The administration of justice for speeding offences in the UK is a massively controversial subject. All those that receive the penalties somehow feel they are being duped, that something is essentially wrong, an imbalance they just can’t put their finger on, and it isn’t a case of bitter resentment from being caught, there are nagging doubts lurking in a mist of suspicion that something isn’t quite right.
This book analyses the law regarding the administration of justice for speeding infractions, identifies a surprising number of anomalies, assesses the origin and creation of the inequalities produced and evaluates the effectiveness of the legal authorities, providing a thorough interpretation and alternative recourse for the administration process. The anomalies extracted for investigation in this book are incredible, but the quantity of anomalies poses a worrying consideration of a designed ambition. There are not just a small handful of peculiarities, there are a swarm.
The police tend to send a Notice of Intended Prosecution and a request for driver identity information before issuing a penalty notice. This is wrong. The penalty notice should be sent at the same time giving the recipient the option to dispense with the offence through acceptance of liability.
An obstacle is produced by the demand for a signature of liability, a demand which does not discriminate between those that are actually guilty of speeding infractions and those that are innocent, or where an inadequate quality of photographic evidence exists. Not having to provide or sign a confession is a democratic right. A signature on a form is not a form of registered and checkable information. The right not to be forced to sign a confession protects people against fraud, corruption and miscarriage of justice. There would be no need to investigate crimes if the police could demand confessions.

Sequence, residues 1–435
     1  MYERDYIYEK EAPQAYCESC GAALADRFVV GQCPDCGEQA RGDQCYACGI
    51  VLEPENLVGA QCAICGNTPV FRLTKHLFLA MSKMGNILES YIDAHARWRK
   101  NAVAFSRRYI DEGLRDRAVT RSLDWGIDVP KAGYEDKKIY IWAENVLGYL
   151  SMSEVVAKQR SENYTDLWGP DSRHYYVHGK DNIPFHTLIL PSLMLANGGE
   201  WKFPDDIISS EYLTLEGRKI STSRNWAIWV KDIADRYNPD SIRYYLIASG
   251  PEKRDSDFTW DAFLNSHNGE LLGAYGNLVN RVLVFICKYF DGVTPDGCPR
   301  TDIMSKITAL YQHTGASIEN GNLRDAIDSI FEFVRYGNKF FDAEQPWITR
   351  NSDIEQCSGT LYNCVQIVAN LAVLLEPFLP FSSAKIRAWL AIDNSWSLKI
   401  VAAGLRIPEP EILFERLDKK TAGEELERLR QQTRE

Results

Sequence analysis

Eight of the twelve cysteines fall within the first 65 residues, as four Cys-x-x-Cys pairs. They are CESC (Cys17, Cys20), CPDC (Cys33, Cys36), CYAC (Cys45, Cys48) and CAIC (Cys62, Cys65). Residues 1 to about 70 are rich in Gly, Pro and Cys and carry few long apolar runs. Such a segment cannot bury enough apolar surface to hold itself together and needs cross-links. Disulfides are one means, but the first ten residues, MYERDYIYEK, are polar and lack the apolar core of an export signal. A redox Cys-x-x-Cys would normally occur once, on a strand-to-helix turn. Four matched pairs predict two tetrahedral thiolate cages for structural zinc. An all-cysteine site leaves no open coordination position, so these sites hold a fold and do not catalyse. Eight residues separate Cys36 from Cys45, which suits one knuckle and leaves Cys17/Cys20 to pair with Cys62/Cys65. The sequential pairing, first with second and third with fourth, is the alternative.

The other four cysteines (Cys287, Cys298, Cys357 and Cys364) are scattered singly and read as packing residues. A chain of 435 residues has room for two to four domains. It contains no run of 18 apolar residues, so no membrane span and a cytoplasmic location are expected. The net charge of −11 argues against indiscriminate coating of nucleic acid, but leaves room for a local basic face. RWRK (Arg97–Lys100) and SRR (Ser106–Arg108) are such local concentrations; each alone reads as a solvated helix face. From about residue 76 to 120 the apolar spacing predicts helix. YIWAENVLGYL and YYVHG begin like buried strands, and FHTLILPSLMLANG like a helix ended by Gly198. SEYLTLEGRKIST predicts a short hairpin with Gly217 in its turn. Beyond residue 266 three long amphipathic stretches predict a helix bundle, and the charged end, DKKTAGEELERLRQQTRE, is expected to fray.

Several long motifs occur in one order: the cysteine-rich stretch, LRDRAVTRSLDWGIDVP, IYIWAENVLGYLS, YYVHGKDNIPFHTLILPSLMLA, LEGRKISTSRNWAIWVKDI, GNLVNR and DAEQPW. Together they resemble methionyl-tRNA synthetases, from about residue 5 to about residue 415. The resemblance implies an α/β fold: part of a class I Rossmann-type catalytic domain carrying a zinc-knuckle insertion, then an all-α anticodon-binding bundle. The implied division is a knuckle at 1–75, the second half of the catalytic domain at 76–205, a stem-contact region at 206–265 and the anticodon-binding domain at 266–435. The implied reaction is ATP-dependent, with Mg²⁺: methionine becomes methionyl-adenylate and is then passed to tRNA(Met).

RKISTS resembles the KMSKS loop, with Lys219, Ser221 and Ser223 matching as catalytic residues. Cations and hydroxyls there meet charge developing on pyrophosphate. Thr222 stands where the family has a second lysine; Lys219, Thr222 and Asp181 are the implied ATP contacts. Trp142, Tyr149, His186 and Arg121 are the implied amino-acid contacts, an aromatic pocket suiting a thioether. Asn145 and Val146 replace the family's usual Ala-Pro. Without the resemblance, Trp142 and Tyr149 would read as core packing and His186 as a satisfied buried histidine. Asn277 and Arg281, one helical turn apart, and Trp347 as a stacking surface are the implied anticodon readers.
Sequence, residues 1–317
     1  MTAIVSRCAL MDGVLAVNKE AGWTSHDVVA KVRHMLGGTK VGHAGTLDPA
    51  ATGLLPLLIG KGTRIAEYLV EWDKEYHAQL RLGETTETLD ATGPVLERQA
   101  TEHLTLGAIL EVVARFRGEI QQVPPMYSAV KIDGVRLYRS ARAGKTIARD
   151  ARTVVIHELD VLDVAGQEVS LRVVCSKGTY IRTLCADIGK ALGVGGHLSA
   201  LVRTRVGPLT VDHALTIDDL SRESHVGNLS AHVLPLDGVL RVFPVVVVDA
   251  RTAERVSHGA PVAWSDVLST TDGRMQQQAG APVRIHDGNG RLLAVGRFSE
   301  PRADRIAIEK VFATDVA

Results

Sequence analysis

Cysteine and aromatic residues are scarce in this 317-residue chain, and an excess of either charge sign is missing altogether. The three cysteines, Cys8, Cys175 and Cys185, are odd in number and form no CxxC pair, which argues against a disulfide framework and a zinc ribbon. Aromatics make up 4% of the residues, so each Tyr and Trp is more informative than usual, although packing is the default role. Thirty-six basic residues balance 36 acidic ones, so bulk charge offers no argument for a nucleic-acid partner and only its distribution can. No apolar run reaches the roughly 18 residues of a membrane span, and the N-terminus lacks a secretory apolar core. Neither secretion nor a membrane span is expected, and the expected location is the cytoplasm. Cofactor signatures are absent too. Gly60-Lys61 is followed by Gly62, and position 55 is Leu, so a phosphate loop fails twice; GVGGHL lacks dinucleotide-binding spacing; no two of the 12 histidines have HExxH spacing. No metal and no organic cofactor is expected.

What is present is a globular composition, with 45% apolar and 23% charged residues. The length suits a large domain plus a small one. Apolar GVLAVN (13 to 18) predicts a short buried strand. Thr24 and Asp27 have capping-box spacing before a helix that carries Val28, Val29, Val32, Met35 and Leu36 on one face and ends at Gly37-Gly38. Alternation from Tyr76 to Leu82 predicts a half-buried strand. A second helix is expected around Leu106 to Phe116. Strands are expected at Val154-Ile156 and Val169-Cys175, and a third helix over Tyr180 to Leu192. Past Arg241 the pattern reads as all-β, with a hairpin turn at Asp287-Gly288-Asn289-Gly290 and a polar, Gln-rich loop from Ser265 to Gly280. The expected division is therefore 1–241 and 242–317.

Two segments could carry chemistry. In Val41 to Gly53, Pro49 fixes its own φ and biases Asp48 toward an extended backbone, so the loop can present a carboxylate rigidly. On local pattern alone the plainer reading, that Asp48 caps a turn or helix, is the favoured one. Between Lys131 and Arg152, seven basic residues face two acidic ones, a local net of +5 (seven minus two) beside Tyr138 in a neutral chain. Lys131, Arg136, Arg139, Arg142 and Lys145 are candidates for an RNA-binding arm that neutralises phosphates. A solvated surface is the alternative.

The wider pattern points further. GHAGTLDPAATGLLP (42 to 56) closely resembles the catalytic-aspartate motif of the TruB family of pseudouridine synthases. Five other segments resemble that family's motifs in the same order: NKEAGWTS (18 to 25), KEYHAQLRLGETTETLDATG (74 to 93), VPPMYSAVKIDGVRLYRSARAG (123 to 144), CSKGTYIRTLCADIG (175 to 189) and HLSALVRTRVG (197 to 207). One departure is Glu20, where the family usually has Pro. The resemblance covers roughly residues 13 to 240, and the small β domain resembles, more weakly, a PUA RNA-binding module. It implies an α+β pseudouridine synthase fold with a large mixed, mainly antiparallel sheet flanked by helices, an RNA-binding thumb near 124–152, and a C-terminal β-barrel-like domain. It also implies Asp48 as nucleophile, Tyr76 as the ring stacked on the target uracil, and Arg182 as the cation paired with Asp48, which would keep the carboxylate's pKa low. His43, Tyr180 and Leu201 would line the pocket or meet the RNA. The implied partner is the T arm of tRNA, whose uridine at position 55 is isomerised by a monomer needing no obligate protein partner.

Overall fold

The suppression of photographic evidence interferes with the apparent intention of parliament to provide a statutory right for those accused to receive ‘reasonable information’ of the alleged offence, and that information should not just be a hypothetical assumption, but should be of ‘assessable content’.
The documentation received by those accused of speeding infractions is full of rhetorical devices.
It would be a fallacy in itself to suggest that all people accused of speeding infractions are guilty, so there should in theory be a genuine process of filtration.
For those attempting to query or complain about anomalies in the administration process, or in the validity of the accusation made, people generally find that their correspondence goes unanswered.
There are so many anomalies involved in the administration of speeding penalties that it is difficult to suggest that they are accidental, but may have been loaded for action. Whether people agree or not, where there’s an opportunity for individual decision making, prejudice lurks beneath the depths of reason. The contents of this book attempt to address the issues through analysis and by creating awareness of the anomalies for the legal services.
Uk Speeding Fines Are You Really Guilty? by Garry Sherwin available in Amazon Books.